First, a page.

The Houston SPCA’s Wildlife Center of Texas (WCT) feit the effects of Hurricane Harvey’s winds on Friday before landfall. Area residents brought in almost 50 animals then. More than 500 sodden animals eventually would be in rehab at the WCT. One family watched as a momma opossum carrying her babies struggled to swim. Three babies come off as the current pushed the momma onward. Family members went out in the storm, got the babies and brought them to the center.

Other rehab patients were baby squirrels, pelicans, a magnificent frigate bird, screech owls, a baby beaver, a fawn, and an alligator snapping turtle that weighed about 90 pounds and was estimated to be 70-100 years old.

Approximately six staff and hundreds of volunteers took care of animals and responded to more than 1,300 calls. One caller, Bryce Zores, found a submerged baby rabbit in Buffalo Bayou on Sunday morning. Although those around her told her not to touch it, she didn’t listen and began pulling off the fire ants that completely covered the bunny.

She took him home and wrapped him in towels that she heated in the dryer. Zornes doesn’t actually know if the animal was a male. I just wanted to name it Harvey the Rabbit.”

For almost five days, she kept Harvey warm and fed him grass, spinach and walnuts. He even drank water from a straw. When she set him free at Memorial Park, he sprinted off without looking back.

Sharon Schmalz, WCT's executive director, appreciates that people in Houston area care enough for wildlife to bring on average 10,000 animals a year to the WCT.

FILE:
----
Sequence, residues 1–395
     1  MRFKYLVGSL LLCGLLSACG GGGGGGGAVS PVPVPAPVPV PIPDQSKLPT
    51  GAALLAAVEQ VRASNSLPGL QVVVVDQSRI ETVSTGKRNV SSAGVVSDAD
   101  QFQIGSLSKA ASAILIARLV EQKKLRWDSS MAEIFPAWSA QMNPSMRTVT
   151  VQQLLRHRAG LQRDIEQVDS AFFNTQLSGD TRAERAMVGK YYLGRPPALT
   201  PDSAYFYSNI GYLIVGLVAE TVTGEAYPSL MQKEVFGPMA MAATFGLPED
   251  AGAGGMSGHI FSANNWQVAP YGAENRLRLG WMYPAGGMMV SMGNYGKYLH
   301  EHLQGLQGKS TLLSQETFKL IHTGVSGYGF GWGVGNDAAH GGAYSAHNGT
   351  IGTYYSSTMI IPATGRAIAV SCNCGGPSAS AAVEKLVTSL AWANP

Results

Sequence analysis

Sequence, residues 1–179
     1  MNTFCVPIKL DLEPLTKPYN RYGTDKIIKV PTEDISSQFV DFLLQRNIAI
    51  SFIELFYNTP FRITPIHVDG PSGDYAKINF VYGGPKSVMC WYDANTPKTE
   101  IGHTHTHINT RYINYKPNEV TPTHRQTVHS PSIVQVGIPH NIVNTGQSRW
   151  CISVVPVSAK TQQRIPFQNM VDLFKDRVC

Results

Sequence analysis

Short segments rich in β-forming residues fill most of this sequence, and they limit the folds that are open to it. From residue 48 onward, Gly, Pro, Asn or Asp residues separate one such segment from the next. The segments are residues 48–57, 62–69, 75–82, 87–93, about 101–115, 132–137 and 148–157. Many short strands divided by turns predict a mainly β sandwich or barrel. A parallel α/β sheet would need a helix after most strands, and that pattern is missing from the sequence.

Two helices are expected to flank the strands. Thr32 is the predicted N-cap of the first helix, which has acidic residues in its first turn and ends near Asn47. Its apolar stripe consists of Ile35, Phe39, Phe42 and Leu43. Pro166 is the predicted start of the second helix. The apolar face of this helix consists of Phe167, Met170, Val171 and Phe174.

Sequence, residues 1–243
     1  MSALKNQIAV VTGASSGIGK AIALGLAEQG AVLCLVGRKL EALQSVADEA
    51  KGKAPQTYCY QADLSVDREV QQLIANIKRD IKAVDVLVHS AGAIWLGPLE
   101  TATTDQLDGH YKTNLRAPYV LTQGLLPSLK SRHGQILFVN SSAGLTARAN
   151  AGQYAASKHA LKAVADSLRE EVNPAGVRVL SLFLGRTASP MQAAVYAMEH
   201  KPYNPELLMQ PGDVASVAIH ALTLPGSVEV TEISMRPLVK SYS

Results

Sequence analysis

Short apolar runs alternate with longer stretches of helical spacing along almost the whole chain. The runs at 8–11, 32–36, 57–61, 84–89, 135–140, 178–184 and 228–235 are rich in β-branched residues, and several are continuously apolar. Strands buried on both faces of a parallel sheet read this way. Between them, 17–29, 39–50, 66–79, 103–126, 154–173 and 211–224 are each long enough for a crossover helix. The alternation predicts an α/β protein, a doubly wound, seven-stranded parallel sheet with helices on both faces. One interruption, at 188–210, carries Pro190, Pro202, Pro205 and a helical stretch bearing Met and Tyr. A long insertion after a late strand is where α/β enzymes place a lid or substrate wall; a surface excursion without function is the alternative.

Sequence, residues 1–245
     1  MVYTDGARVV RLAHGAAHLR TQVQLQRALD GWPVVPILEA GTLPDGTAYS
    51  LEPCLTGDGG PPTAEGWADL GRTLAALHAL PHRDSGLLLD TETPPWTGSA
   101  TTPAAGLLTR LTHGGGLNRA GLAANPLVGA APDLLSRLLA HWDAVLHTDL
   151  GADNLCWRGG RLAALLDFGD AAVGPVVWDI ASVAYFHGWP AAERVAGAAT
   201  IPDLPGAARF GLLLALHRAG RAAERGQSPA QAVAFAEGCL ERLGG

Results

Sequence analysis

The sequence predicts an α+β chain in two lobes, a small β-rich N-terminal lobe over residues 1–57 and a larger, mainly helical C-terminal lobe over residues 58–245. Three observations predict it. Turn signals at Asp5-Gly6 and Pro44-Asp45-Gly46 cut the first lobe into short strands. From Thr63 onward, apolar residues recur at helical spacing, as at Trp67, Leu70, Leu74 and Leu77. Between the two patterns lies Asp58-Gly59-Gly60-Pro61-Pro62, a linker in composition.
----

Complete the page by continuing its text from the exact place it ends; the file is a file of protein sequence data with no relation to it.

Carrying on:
“The spirit of people is amazing. They took time to care for a living animal during a storm. People whose houses were flooded were thanking us for having a place to bring animals,” Schmalz said. “We were thanking them for making the effort considering the situation they are in.”


Although Maurice Gassiott, 25, is partial to Pit Bulls, when the opportunity to rescue people and animals arose with Harvey’s floodwaters, he was totally on board, literally and figuratively. He headed out on Saturday after hearing about a Pit Bull on top of a car in rising waters. The owner of Gray Wolf Canine Rehabilitation knew he could help the dog. He works with Pit Bull rescues and animal shelters using his pack of balanced dogs, mostly Pit Bulls, to help aggressive dogs learn how to behave.

When Gassiott got to the flooding neighborhood, someone offered to paddle him to the dog, but the strong current turned the canoe around. With that effort on hold, he turned his attention to nearby people in their homes. Like many spontaneous rescue events, three men from Lufkin, Texas pulled up with a boat. They all agreed to help people first, then the dog. “We carried a gentlemen and his

mother to dry land. Then we helped a family and two rabbits.”

When they had a chance to look for the dog, the address was wrong. Attempts at getting a correct address through Facebook didn’t pan out. (The dog was eventually rescued.) An American Bulldog named Chuck had some good luck, getting rescued by some people in a boat that Gassiott had met earlier. He put out the call on Facebook for a temporary foster home, and a good friend volunteered.

For several days, he worked with a team that picked up stray dogs in the Missouri City area and took them to Austin Pets Alive stationed at Katy Mills Mall. Of course Gassiott ended up taking the only Pit Bull; he also took a bonded pair that he calls JAY-Z and Beyoncé.

Gassiott admits he likes dangerous situations. He works with aggressive dogs for a living, skating each morning with his dogs pulling him upwards of 30 miles an hour. “If someone tells me it can’t be done, I'm like, ‘yeah it can.’ "